It’s encouraging to see new distilleries’ product come to age and hold a lot of promise. Grand Traverse Cask Strength Rye Whiskey is a treat, but not a rye I’d regularly pull down off the shelf. Forget the fact there are only so many bottles out there to buy, the pricing makes this an exclusive bottle. The mentioned Willett is basically half the price for the volume, and there are a number of quality rye whiskies out there for even less, even though not barrel-proof. This is a challenge with new craft distillers doing interesting things on a different scale, but I think it’s still appropriate to not evaluate up-starts in a bubble from the rest of the industry.

Ultimately, my reviews are about quality and value. I’m told a second batch is in progress and I’d be curious to see Grand Traverse Cask Strength Rye Whiskey maybe at older age to take off some rougher edges, but then again that’s part of the character here. Still, Grand Traverse Cask Strength Rye Whiskey is a good whiskey in quality, however, with the pricing I’m going to go strictly by my scale and recommend making the trip to try a glass.

Recommendation

Try a Glass – 2.5 out of 5.0 Rating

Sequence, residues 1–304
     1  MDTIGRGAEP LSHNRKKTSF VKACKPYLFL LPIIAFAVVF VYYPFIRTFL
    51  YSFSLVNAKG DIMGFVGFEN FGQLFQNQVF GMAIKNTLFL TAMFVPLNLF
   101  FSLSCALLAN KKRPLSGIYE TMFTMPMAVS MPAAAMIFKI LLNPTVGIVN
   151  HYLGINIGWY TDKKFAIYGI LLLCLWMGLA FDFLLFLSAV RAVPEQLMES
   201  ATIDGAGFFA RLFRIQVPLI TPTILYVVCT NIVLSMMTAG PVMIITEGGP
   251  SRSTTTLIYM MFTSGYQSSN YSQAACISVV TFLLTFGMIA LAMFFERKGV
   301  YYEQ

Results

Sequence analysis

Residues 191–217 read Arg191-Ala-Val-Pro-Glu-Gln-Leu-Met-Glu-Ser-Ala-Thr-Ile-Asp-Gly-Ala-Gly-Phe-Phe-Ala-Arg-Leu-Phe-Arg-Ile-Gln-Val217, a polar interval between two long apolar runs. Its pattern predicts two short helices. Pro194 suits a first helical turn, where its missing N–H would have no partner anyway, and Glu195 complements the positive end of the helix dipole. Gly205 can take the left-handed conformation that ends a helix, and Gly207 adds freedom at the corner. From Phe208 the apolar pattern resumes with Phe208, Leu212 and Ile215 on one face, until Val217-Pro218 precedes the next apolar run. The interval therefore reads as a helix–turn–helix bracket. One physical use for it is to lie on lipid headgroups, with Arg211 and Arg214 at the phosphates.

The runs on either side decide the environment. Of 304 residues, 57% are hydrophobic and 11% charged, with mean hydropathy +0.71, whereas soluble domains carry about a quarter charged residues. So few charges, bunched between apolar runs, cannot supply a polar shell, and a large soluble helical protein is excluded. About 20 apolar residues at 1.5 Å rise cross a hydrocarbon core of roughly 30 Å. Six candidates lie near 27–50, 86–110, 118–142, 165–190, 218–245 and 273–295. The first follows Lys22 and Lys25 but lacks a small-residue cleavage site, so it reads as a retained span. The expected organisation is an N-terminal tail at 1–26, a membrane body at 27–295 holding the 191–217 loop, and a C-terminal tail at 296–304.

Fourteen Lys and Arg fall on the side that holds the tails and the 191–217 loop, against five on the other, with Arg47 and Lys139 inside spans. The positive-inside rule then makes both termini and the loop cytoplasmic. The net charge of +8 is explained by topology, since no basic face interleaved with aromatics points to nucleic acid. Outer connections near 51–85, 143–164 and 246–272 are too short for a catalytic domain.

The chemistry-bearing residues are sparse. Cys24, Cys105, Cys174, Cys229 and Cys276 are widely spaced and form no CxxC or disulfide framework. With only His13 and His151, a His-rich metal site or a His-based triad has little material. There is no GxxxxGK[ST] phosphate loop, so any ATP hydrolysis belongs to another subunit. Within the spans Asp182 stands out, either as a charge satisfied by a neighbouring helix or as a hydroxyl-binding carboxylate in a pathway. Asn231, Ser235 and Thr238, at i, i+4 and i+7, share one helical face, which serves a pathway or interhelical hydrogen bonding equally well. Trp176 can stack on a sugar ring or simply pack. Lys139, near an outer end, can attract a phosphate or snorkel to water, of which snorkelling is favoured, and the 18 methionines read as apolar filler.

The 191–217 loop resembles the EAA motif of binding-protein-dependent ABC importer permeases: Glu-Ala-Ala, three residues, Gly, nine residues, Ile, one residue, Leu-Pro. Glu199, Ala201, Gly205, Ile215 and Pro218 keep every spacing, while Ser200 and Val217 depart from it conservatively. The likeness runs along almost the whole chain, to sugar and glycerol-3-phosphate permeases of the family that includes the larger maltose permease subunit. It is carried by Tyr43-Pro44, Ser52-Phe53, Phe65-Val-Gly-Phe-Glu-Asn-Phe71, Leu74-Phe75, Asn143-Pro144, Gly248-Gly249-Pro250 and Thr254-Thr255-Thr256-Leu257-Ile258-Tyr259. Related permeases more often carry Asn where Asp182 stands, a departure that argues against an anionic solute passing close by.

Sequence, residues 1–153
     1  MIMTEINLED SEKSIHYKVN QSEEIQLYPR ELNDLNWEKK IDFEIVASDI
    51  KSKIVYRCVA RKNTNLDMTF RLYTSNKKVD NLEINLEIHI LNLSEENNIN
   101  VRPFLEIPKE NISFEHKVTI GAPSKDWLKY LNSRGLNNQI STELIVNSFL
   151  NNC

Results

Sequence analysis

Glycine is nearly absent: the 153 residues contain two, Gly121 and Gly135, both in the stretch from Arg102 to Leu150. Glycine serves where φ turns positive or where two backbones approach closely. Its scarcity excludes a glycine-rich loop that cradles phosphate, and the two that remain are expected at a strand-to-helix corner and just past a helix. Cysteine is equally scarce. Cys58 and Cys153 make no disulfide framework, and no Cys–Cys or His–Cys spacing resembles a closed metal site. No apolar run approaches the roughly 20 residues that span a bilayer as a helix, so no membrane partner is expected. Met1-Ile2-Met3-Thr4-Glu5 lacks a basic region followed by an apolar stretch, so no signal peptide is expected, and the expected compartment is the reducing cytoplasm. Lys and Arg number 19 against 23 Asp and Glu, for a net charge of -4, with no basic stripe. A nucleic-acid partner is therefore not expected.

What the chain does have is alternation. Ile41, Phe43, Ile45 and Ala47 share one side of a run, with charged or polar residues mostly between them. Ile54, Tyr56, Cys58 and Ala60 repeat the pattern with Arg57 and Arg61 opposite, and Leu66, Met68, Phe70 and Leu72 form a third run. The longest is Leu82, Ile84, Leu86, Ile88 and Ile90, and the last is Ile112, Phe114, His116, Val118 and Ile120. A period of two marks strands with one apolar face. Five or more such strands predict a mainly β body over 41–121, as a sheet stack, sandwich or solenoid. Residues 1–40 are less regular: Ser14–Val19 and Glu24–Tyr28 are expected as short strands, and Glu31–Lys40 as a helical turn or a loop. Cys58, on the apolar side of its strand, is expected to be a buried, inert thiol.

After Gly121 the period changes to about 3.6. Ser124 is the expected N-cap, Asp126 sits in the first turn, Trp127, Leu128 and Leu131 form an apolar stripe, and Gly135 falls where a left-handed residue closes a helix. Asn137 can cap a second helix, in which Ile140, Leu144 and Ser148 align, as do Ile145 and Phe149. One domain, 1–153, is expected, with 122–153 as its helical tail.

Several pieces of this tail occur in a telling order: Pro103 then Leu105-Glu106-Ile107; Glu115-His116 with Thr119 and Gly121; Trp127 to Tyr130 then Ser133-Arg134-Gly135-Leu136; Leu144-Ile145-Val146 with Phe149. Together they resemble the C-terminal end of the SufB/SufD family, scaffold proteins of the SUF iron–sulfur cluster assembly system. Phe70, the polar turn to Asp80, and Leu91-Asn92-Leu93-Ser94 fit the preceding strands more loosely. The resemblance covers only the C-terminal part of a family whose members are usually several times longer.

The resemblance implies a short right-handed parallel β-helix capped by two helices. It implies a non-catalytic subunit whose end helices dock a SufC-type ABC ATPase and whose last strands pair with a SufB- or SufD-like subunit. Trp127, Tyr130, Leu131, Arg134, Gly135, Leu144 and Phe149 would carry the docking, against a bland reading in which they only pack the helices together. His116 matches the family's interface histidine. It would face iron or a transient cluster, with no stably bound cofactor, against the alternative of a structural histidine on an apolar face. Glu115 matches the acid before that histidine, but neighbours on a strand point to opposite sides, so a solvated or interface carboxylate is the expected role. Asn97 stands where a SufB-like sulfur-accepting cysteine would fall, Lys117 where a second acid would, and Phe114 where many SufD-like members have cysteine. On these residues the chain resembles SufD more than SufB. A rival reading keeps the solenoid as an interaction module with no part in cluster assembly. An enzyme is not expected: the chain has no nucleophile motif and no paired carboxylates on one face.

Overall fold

(My 5 point scale: Pass, Try a Glass, Buy a Bottle, Buy Again, Shut Up and Take My Money – Bottle price is taken into consideration for recommendations.)

Links

Grand Traverse Distillery

 

Evan Williams White Label Bottled-in-Bond – Review

Evan Williams White Label Background

Evan Williams White Label
Evan Williams White Label

Evan Williams White Label is a part of the Evan Williams line from Heaven Hill Distillery. There are a number of Evan Williams bottling, but it seem the most popular are the 100-proof Bottled in Bond (AKA White label), 86-proof Black Label, 86.6-proof Evan Williams 1783, and an 86.6-proof Evan Williams Single Barrel.

I’m a fan of the Evan Williams Single Barrel which is available in yearly batches. Actually I dig Heaven Hill in general with a number of pretty great Bourbons for the money. With Evan Williams White Label we’ve got an exceptional value with a lower shelf Bourbon that drinks above its price tag.

Details

Bottled at 100-proof.  No age statement. Standard rye Bourbon thought to be 75% corn, 13% rye, and 12% barley. Paid $15.

Aroma

Corn mash/roasted corn. Nutty. Pecans. Caramel, charred wood. Sawdust.

Flavor

Similar to the nose. Big roasted corn, nutty. On the sweet side. A little alcohol heat and some zip. Some fruitiness. Rich, roasted flavors. Slight drying in the finish.

Overall